Many musicians seem to regard mastering as some sort of dark art, completed through mysterious means by mastering engineers with super-human hearing and attention to detail. There are also a fair number of misconceptions around what the purpose of mastering actually is, ask ten different musicians and you may well get ten different answers. So, what is mastering?
Put simply, mastering is the final step of processing a recording to prepare it for release. While mixing is focused around applying processes to individual parts of the recording, mastering is all about applying processes to the track as a whole. So instead of applying EQ to just the guitar or vocals, for example, you’ll be applying the EQ to the entire track. So generally, once the final mix is finished, it will be bounced down to a single audio file, which will be sent to the mastering engineer to work on.
There are a few different aims of the mastering process. Firstly, mastering is a chance for any final tonal changes to be made to the track with EQ or compression. This is why it’s generally a good idea to have someone else master your music if you’ve mixed it as the mastering engineer will be a fresh set of ears who will be able to pick up on any slight imbalances. For example, they may notice that the track is slightly harsh sounding which can be remedied with EQ.
Your track may sound perfect on the monitors or headphones that you’ve been using to mix it on, but will it translate to other systems? Unfortunately, not everyone is going to be listening to your music in perfect circumstances, so whether someone is listening to your track on top of the range headphones or out of their laptop speakers it needs to sound great. Mastering ensures consistency, no matter how the music is being listened to.
Mastering also prepares tracks for distribution, which covers setting the space between tracks on an album to making sure that the music is being exported in the correct format and that the files include all of the necessary metadata. If it’s an album or EP that’s being mastered then it’s important to make sure that track are consistent in volume. The last thing you want is for your listener to be constantly adjusting their volume control!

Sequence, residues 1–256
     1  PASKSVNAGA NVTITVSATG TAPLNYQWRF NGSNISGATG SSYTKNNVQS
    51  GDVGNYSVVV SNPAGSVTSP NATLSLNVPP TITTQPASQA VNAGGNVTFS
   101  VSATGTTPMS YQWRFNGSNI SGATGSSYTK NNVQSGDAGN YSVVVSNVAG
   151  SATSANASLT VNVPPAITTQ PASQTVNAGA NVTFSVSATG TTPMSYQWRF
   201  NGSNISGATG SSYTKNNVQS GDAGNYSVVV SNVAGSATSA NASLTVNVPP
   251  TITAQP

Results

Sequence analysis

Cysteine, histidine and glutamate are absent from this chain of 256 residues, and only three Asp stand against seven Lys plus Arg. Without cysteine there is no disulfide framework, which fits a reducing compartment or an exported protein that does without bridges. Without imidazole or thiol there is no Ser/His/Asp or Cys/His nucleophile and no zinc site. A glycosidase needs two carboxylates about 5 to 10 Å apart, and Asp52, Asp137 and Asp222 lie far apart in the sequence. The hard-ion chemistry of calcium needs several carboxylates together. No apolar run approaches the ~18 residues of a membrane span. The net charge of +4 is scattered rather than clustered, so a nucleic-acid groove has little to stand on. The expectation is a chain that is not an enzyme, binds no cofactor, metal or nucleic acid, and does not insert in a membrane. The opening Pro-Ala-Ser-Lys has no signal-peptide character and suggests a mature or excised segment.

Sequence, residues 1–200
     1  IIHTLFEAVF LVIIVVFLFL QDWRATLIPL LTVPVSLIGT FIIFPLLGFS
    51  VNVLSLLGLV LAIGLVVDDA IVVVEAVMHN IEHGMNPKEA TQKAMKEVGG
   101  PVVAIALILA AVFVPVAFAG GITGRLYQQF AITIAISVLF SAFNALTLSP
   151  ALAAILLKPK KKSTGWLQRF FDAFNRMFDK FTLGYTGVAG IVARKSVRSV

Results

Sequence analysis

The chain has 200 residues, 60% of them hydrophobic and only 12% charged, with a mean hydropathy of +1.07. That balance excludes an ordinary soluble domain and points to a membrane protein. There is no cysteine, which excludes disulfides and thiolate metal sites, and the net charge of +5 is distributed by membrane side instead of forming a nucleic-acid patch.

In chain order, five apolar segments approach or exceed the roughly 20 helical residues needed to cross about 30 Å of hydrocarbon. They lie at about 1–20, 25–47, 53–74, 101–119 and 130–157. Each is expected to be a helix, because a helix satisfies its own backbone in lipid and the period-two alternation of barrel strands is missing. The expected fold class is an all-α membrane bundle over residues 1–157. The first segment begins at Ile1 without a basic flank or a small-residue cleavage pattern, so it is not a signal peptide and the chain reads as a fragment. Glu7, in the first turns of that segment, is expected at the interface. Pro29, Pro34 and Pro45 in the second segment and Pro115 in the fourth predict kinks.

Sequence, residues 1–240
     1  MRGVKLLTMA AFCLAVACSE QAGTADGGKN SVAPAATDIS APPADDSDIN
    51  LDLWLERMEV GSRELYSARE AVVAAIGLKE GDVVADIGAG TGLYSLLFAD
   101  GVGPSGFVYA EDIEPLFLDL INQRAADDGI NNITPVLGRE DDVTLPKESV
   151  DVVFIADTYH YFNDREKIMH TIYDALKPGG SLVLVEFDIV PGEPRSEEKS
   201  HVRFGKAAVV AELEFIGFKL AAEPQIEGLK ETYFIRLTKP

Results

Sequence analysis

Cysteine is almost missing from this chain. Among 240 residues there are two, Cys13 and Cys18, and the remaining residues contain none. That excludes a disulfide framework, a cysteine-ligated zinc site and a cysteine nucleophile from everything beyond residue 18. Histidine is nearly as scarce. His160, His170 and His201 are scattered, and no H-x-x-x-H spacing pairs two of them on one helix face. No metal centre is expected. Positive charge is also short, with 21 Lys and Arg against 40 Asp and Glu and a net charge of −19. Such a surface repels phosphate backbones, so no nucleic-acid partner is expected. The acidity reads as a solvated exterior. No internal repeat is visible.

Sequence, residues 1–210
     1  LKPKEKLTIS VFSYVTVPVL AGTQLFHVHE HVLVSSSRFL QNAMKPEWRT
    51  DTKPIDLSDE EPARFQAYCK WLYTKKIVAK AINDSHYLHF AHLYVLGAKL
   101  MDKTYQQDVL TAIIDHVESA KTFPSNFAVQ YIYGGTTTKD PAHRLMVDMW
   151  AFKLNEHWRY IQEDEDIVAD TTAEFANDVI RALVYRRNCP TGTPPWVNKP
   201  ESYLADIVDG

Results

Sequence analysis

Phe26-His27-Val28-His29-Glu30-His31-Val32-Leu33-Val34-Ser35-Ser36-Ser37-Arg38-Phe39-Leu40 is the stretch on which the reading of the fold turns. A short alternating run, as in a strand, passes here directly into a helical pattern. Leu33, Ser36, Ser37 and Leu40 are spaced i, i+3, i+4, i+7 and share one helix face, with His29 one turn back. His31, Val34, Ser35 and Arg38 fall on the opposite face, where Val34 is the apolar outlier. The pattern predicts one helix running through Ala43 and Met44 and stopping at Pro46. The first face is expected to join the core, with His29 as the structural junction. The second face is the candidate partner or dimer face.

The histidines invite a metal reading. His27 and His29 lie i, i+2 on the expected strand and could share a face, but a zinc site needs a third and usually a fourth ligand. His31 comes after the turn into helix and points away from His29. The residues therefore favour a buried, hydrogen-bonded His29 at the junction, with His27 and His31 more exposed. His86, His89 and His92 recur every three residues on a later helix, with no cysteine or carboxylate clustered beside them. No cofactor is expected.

This leads into one of the more controversial aspects of mastering. If you’ve ever compared one of your mixes to a mastered, commercial release, then one of the first things that you’ll probably notice is the huge difference in volume. Commercially released music is loud and if you want your tracks to be comparable then they have to be loud too. While your unmastered track might sound great in isolation, it would sound massively out of place on the radio or a Spotify playlist next to tracks that are significantly louder.
With the the introduction of digital mastering techniques at the beginning of the 1990s (particularly brickwall limiters), mastering engineers were able to make tracks sound louder than previously possible. Louder music is supposedly perceived as being better than quieter music and so increasing the volume of the track became a large part of the mastering process. This ultimately led to a musical arms race throughout the 2000s with mastering engineers competing to make their masters as loud as possible. Just compare a contemporary recording to an original master of a track released before 1990, the difference in volume is massive. The image below demonstrates this with the top waveforms representing the original 1983 release of Michael Jackson’s Don’t Stop Till You Get Enough, while the bottom waveforms are the 2001 remaster.However, critics of the loudness war have noted that this increase in volume comes at the cost of sound quality. Compression is heavily used in order to increase the volume to commercial standard which causes in the music to sound less dynamic, as there’s no longer as much of a difference between the loud and quiet parts of the recording. Some tracks have even been compressed to the point where audible distortion starts to be introduced. A famous example of this being Metallica’s Death Magnetic which drew criticism for being over compressed.
So while the ideal course of action is to have someone other than yourself mastering your music, this isn’t always practical for the bedroom producer. In fact, plenty of producers do master their own music, and learning how to do it is certainly a useful skill to have up your sleeve as a musician.